De Italiaanse badplaatsen weigeren stands van plexiglas ten gunste van elektronische armbanden en boekingsappsmei 2, 2020
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The Italian Federation of Bathing Enterprises (FIBA) has dismissed the use of perspex boxes on beaches as a “hoax”, but with summer around the corner, beach resorts still need concrete solutions to avoid forfeiting the season.
Albarella, an island in the lagoon south of Venice, is hoping to set an example for a post-COVID summer at the beach. “The island of Albarella has already prepared a plan for reopening its beaches,” explained Director General Mauro Rosatti, “and possible dates are already in the calendar.”
The island is private, with entrance permitted for those staying in a property or with a pass, meaning entry numbers can be controlled.
Measures have been set out to ensure the safety of beachgoers, including appointing a COVID Manager to oversee procedures.
The island has announced that there will be stewards admitting access to the beaches, and sun loungers and umbrellas will be set in separate areas of 40msq to ensure social distancing. Beaches will be regularly sanitized and there will be sanitization products available for beachgoers to use.
While Albarella has ample space at its disposition to impose social distancing, the normally packed public beaches along Italy’s coastline will require stricter controls.
Vice president of FIBA, Vincenzo Farina, said they were working on increasing the minimum distances between beachgoers “from the current 2.5 meters to 3,” as well as limiting the number of people using the same umbrella.
One beach in Porto Cesareo in Puglia has been given the go-ahead for testing its system of 10msq areas of sand sectioned off by ropes with an umbrella in the center.
Farina has also announced that FIBA is considering an obligatory booking system for sun loungers as well as demarcated time slots for different ages in an attempt to protect those more vulnerable to infection.
The idea of electronic bracelets has also been considered, which would allow the numbers of beachgoers to be counted and controlled. The waterproof bracelet could be used to permit access to various services like bathrooms thus reducing contact through entry buttons and door handles.
In Salento, the president of the bathing enterprises association Federbalneari, Mauro Della Valle, called the plexiglass divisions “science fiction” and said that instead, “lifeguards and bathing attendants will be working constantly to break up groups of people in the water and on the beach.”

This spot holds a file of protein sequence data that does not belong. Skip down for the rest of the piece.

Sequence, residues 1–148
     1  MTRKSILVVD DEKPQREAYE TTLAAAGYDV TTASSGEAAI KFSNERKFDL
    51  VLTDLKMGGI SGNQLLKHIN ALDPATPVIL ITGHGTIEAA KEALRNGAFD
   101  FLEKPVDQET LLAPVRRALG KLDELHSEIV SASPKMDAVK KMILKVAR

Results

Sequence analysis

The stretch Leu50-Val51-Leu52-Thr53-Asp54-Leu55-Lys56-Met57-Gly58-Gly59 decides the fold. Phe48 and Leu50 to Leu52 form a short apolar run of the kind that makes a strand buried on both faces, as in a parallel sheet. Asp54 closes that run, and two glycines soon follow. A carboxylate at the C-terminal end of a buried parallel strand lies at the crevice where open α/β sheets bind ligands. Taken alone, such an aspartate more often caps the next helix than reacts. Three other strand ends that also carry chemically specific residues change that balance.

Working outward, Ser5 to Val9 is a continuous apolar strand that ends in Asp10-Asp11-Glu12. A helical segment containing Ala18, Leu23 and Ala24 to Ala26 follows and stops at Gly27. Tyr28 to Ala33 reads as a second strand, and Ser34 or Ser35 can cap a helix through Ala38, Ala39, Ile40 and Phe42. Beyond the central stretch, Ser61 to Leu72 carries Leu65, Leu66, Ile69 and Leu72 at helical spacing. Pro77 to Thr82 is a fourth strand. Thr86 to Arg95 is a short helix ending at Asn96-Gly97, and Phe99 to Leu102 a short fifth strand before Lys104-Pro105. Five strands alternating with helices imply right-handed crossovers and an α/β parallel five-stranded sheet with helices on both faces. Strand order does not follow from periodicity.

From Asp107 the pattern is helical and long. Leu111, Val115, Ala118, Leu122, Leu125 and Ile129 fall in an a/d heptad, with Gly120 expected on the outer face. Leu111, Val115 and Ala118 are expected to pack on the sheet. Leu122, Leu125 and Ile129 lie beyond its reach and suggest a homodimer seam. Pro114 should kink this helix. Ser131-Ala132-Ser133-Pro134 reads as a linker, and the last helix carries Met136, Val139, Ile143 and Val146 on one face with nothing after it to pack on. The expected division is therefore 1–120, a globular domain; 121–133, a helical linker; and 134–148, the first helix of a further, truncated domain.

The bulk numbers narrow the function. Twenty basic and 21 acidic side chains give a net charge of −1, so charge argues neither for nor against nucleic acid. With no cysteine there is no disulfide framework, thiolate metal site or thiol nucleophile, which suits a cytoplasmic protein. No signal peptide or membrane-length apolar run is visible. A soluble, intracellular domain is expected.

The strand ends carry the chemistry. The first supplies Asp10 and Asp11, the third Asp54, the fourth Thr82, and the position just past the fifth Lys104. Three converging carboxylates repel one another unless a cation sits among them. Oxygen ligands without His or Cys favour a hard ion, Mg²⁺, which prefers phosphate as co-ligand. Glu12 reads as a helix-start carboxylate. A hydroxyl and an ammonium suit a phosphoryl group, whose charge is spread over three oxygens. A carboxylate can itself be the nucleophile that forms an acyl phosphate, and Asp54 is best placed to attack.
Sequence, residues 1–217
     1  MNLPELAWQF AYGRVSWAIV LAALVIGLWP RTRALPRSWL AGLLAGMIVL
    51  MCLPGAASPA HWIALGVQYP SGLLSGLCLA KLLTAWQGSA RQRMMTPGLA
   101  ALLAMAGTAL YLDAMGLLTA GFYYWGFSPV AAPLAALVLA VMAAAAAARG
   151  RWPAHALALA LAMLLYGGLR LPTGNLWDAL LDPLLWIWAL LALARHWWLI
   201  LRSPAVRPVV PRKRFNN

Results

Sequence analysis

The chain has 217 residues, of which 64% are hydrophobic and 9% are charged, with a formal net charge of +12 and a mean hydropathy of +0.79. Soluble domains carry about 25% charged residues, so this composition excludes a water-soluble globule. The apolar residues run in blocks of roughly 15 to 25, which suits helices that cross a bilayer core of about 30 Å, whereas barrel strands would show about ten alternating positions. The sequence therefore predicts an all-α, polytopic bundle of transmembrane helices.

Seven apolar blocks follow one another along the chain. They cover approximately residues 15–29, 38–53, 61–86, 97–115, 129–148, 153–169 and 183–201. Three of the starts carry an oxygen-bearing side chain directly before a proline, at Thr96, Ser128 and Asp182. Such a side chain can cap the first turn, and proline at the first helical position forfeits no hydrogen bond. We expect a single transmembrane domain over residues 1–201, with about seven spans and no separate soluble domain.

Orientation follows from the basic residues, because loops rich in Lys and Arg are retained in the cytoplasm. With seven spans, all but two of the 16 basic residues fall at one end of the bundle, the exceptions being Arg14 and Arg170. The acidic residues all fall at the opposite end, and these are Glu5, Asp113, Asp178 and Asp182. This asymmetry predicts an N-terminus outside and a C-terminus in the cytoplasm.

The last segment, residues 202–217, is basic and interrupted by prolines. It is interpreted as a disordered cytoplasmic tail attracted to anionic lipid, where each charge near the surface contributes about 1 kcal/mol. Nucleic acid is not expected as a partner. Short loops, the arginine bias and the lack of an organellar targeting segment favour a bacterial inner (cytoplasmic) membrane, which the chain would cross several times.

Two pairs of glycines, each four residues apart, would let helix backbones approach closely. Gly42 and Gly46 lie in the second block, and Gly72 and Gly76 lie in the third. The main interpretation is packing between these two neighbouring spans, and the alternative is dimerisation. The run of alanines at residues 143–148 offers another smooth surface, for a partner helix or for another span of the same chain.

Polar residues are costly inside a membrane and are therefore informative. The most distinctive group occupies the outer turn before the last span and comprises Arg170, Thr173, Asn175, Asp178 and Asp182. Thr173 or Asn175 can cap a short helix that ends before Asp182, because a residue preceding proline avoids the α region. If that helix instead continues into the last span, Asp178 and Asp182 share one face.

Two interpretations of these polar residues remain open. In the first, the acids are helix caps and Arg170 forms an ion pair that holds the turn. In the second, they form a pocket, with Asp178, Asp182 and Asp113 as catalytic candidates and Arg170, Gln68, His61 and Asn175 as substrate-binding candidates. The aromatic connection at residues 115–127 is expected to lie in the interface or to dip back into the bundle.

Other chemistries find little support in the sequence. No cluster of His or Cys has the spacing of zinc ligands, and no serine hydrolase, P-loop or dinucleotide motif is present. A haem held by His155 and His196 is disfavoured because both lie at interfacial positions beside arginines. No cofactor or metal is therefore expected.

Della Valle also warned, “there will be no play areas, and access to the bars, restaurants and bathrooms will be permitted only to those wearing a mask.”
In the regions of Liguria, Tuscany and Abruzzo, the preparation of beaches is already underway. Abruzzo has announced that beaches will be open to tourism from June 1, and there will be a free app to book your place.
The Lifeguard Cooperative in Cervia, Emilia-Romagna, has impressed the importance of protecting their workers not just from the virus but from legal complications.
As lifesaving necessarily involves physical contact, the Cooperative is discussing a “legal shield” to protect employees.
While the new systems are still in the trial phase, one community in Salento has already opened its beaches to residents with intellectual disabilities such as autism and ADHD. The village of Salve has recognized that staying indoors is particularly difficult for people with these conditions.
The new distancing measures currently under consideration for the rest of Italy will necessarily cause an economic toll as the number of beachgoers will have to be reduced. Giuseppe Mancarella, president of the Cna Balneari Puglia, said there would have to be a 40% decrease in the number of beach umbrellas.
However, to not open at all would spell disaster for the beach tourism sector and for the Italian idea of summer.
“Going to the sea is important both for the social aspects and for the vitamins we introduce into our skin and bodies,” said Della Valle, “not to mention the beneficial effects of saltwater on the respiratory system.”
Farina also impressed the importance of reopening beach resorts for health benefits. “We provide a service to Italian citizens who can’t spend the summer trapped in their houses,” he said. “The sea and the beach will be a necessity for public health.”